the bridge while looters had a field day, or water leaks went from tiny to disastrous.

We hunkered down—that’s hurricane talk—in our upstairs bedroom. The wind howled, trying to tear off the roof … right over our heads. No thank you. We trundled everything back downstairs, including a mattress, to the bedroom our son vacated last week. After all, our neighborhood had never flooded in recorded history. Who needed flood insurance? Our house had survived two other Cat 3’s with piddling damage. No prob.

Right. We’d never been in the northeast quadrant. Apparently we forgot.

For weeks afterwards we survived in a post-flood environment that reminded me of Sarajevo: feral dogs, fetid piles of rubbish, no water or AC, roving, camouflaged National Guard Humvees, and Red Cross water and food tents. I nearly lopped off a leg chain-sawing shattered trees, screwed up a knee replacing wallboard, and continued to work forty-hour weeks, sitting in rubbish-removal traffic jams for hours.

It shook our hearts and souls like a dirty rug. But we couldn’t get clean. The neighbors had the first, and last, Tiger Point trailer-trash party in their camper on their
driveway next to the POD that held all their worldly goods. Their home was unlivable.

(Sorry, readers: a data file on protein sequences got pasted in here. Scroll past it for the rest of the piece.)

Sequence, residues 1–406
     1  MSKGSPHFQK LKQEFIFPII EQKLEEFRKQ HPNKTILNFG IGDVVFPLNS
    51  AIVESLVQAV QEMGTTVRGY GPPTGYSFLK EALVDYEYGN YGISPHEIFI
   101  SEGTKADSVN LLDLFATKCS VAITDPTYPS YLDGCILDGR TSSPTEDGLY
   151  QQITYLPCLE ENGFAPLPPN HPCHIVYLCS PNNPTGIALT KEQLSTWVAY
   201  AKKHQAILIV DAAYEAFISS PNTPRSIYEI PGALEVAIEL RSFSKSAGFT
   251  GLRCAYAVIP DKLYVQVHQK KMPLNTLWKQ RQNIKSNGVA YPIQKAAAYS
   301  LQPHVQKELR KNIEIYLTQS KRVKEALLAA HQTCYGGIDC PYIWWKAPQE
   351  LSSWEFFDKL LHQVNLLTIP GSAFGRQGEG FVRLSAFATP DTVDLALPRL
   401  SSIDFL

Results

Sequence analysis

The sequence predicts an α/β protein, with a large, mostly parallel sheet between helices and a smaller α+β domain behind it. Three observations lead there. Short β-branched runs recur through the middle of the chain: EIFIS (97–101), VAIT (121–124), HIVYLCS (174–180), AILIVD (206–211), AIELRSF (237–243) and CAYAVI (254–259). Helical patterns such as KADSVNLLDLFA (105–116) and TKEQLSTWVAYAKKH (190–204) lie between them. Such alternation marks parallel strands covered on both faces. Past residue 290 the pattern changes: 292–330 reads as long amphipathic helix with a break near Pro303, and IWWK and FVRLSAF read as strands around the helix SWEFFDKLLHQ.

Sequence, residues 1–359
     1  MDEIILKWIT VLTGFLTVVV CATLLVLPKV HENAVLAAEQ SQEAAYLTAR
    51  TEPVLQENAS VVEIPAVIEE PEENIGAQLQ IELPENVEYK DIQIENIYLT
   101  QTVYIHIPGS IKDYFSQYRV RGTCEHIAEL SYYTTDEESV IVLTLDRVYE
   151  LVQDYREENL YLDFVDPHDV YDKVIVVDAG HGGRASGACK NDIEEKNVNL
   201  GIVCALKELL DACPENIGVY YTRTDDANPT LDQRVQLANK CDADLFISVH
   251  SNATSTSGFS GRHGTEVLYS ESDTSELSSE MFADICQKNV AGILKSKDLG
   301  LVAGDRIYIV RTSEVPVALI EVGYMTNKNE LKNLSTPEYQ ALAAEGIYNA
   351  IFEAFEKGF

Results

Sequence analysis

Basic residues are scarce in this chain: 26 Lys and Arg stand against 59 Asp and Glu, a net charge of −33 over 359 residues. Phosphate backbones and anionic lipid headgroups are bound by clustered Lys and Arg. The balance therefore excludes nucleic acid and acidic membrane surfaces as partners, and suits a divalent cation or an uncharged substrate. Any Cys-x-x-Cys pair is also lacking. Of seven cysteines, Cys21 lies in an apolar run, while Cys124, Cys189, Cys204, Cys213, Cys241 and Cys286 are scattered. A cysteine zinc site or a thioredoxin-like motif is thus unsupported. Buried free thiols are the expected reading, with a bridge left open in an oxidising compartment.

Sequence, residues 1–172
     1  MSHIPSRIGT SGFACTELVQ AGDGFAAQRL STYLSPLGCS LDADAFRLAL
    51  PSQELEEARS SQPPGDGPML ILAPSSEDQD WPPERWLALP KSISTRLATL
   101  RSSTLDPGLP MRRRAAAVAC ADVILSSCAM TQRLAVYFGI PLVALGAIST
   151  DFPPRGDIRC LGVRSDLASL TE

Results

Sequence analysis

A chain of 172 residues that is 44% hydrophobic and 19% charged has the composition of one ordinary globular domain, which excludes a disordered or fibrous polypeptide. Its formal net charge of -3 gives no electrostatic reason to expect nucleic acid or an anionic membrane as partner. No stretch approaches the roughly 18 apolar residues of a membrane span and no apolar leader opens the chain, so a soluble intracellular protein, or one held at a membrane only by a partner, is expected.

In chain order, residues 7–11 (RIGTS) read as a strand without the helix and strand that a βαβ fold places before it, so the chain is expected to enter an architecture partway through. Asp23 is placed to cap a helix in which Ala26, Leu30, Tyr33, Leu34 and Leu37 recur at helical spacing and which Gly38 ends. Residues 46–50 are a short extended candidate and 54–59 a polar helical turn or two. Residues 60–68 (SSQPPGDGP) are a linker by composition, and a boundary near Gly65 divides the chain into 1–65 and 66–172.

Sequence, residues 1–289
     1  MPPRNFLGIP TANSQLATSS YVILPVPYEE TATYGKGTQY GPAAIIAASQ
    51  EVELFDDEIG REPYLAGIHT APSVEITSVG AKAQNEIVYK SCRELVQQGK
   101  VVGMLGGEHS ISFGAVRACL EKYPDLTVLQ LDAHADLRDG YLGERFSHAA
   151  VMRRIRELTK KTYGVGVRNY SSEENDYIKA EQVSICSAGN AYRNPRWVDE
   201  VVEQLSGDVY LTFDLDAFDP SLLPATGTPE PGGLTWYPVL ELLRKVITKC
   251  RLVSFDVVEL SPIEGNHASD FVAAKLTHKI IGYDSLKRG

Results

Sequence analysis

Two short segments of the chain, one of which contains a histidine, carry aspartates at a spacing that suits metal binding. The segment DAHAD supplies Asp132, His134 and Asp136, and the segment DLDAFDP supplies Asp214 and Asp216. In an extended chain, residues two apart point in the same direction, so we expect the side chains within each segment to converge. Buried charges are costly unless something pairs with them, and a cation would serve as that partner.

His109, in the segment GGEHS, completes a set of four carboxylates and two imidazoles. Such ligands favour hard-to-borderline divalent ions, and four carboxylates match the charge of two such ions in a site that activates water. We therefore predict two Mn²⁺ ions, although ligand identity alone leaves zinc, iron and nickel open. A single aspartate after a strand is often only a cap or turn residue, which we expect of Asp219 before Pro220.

We sang, we drank, but we all knew: Never again.

My wife and I moved to Colorado, closer to roots and family. I wrote and guided fly fishing. She became a hooker—wool art hooking, okay. We camped in Yellowstone with Maggie. Then I realized I was not Steven King; gas prices skyrocketed; the adult kids moved back; guiding fly fishing made no money.

Time to go back to what I knew best, doctoring. I went to work for the VA. Hurricanes are nothing compared to war. War had crippled our best, their bodies and minds, but not their souls. They taught me disaster can change your life for the better. My
next novel, Dan’s War, was born.

Dan’s War is an award-winning techno-thriller with heart, about the end of world oil . . . in two weeks. Cajuns and one lone computer geek try to save us against an ecofanatic and his army.